Written by Dr Anthony Carew

Image depicting determined protesters

The Stoker, the Gunnery Lieutenant and Issues of Naval Discipline around the 1906 Portsmouth Barracks Mutiny

On a summer’s day in 1933, a man in his fifties - down on his luck and ‘on the tramp’ in search of work - knocked on the door of an upmarket Regency terraced dwelling in West London barely a stone’s throw from Kensington Palace. He was a former naval rating. Whether or not he’d been tipped off locally that this was the home of a naval officer and so a possible ‘soft touch’, his pitch on the doorstep was the ...

Picture of Lionel Yexley

Lionel Yexley (1862-1933)

The naval reformer and journalist, Lionel Yexley, was born James Woods in Stratford Essex, one of two children of James Woods a journeyman bootmaker and his wife, Mary, nee Yexley. He was educated at the Boys British School, Stratford. Against his parents’ wishes, aged sixteen he joined the navy as a boy seaman. Over the next twelve years he served in the Persian Gulf, East Indies and Mediterranean, rising in 1890 to petty officer second-class ...

Image showing newspaper report of the mutiny

The Invergordon Mutiny – thoughts on its past treatment

I would like to offer some observations on the treatment (or lack of it) of the naval mutiny at Invergordon in Chapter 5, Comintern Work in the Western Armed Forces in the 1930s (Revolutionary History, Volume 8, no. 2). This chapter uses Invergordon as a peg on which to introduce the Comintern programme, but its two short paragraphs that deal with the mutiny contain two important errors that are likely to mislead the unsuspecting ...

Picture of Royal Navy Ratings

Collective Organisation in the Armed Forces: the Case of the Lower Deck of the Royal Navy, 1900-1925

Labour and military historians have left unexplored the occasional attempts by other ranks in the armed services to establish the right to collective representation. Yet in the Royal Navy at least collective organisation of ratings in a primitive form of trade unionism and efforts to win recognition from the authorities were significant factors in lower-deck life in the first quarter of the last century. (1) The organisational base for this reform movement was a collection of lower-deck death benefit societies which first emerged in the last quarter of the nineteenth ...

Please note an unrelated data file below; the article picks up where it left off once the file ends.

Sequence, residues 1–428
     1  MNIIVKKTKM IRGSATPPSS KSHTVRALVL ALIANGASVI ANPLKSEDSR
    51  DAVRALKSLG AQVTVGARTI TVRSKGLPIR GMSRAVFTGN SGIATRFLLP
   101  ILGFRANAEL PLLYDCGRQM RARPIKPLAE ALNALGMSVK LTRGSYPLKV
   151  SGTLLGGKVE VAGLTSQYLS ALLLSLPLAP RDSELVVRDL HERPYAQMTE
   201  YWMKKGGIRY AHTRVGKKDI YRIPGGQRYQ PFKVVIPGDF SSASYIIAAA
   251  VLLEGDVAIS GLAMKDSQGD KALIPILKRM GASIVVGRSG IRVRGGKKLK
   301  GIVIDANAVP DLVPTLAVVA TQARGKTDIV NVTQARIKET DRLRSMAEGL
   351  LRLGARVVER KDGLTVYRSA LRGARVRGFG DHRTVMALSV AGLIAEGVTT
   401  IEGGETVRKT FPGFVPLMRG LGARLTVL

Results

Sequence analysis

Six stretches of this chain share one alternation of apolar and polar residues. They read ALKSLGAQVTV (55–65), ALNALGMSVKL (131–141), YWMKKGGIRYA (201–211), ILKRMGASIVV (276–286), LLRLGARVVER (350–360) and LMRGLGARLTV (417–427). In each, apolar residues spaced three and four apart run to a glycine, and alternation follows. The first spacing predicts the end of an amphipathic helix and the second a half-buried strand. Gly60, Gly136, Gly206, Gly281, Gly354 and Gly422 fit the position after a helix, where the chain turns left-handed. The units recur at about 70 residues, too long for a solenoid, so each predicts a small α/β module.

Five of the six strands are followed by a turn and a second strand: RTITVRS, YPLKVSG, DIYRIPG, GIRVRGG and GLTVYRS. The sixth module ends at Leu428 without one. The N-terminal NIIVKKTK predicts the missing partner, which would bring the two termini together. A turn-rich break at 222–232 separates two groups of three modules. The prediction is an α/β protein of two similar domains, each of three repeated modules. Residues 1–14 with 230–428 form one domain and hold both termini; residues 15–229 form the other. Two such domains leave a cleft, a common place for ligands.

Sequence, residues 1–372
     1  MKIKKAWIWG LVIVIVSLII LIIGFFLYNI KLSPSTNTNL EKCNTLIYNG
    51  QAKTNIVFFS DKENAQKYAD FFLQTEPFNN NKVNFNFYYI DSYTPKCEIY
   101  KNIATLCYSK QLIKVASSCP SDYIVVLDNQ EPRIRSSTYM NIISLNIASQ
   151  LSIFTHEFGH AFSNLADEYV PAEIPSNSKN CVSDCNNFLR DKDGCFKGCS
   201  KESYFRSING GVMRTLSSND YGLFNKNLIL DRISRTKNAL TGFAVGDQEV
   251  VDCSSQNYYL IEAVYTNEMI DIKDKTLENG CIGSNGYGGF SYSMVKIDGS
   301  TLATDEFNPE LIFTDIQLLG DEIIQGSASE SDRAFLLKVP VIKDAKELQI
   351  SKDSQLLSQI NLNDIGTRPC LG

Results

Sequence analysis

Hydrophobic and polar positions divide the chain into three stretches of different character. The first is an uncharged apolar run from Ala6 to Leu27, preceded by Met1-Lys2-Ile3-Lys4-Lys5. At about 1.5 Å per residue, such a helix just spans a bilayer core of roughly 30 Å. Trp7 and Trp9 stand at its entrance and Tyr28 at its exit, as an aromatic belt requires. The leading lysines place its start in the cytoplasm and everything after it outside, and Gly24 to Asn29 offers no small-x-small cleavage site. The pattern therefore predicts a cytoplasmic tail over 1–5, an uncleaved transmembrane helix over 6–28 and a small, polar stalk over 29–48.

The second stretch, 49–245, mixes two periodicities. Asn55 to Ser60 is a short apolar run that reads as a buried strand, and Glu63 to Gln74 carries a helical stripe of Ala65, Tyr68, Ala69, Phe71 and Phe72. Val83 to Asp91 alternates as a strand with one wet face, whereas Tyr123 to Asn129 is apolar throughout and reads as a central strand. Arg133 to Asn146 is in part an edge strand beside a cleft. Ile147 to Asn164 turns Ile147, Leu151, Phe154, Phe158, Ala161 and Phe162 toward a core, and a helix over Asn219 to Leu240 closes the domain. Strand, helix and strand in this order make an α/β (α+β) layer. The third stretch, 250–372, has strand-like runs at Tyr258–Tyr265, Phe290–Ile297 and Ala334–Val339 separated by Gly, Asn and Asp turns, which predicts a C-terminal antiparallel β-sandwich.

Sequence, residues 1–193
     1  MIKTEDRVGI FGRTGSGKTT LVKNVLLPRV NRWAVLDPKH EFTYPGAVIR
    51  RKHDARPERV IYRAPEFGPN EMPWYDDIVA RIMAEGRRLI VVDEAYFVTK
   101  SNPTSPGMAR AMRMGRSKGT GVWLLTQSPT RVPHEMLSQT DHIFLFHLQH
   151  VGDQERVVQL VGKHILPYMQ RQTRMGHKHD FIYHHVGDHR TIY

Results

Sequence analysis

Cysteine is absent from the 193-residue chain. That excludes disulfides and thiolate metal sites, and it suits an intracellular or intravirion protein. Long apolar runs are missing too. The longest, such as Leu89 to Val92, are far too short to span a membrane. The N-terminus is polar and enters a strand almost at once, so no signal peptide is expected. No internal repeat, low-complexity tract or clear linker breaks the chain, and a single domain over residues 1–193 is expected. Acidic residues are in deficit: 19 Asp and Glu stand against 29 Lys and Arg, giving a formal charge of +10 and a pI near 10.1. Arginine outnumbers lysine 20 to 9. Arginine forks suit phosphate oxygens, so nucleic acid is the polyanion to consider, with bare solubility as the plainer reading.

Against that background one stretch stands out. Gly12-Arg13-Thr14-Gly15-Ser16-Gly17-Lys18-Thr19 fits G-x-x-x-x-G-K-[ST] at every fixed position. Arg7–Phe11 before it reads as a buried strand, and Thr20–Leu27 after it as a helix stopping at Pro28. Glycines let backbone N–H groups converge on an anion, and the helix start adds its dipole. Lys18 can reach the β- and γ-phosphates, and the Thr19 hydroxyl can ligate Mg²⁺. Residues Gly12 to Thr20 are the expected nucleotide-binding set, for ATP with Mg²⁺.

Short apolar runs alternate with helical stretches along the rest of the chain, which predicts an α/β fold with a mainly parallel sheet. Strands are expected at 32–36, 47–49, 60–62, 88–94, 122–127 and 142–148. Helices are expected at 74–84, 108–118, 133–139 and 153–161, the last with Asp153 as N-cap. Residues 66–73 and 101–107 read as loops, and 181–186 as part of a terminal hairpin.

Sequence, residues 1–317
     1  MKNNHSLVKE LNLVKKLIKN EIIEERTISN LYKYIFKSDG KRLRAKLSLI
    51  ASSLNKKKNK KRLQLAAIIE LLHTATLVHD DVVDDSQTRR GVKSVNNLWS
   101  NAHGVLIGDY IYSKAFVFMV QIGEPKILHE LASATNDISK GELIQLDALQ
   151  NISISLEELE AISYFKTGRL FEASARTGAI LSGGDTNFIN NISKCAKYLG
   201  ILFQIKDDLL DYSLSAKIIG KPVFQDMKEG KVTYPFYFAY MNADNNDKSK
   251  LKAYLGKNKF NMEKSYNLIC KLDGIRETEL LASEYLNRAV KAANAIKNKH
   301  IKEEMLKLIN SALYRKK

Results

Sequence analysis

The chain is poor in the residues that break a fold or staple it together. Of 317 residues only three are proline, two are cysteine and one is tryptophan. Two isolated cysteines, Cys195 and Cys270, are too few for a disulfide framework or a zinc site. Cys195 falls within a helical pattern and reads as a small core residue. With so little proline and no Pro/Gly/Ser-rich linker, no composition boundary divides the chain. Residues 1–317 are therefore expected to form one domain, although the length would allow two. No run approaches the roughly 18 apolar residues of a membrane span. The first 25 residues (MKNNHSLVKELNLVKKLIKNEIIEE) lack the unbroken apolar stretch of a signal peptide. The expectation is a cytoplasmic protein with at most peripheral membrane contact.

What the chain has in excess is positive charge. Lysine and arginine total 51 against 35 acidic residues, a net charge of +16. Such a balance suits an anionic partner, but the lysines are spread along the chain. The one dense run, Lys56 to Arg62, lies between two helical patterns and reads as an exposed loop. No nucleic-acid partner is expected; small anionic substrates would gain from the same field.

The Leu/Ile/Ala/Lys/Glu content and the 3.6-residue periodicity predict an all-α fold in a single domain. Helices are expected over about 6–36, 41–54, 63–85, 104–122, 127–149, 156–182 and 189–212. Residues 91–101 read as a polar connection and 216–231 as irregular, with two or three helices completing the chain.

Photograph of Professor John Saville

Tribute to John Saville (1916-2009)

When I graduated, Saville encouraged me to take a research position with the Canadian labour movement. Years later, when I moved back to Britain, he gave further encouragement to my work in the academic field, first at the University of Sussex and then at the University of Manchester Institute of Science and Technology. It was a proud moment for me when I appeared on the same panel at the North American Labour History Conference in 1995. So I owe a great deal to him and to ...

Photograph of Walter Kendall

Tribute to Walter Kendall (1926–2003)

I first became aware of Walter Kendall, the editor of Voice of the Unions and member of the executive committee of the Institute for Workers’ Control, when I was living in Ottawa and working for the Canadian labour movement. He was then a Research Fellow in the Centre for Contemporary European Studies at Sussex University. When I registered for post-graduate work at Sussex, he took an interest in my research for an M Phil on rank and file movements and workers’ control in the British engineering industry ...